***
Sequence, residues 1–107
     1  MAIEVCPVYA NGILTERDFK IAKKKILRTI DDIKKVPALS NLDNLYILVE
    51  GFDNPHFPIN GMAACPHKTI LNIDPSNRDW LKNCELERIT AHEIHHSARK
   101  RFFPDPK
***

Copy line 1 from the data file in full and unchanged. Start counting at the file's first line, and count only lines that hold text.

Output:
Sequence, residues 1–107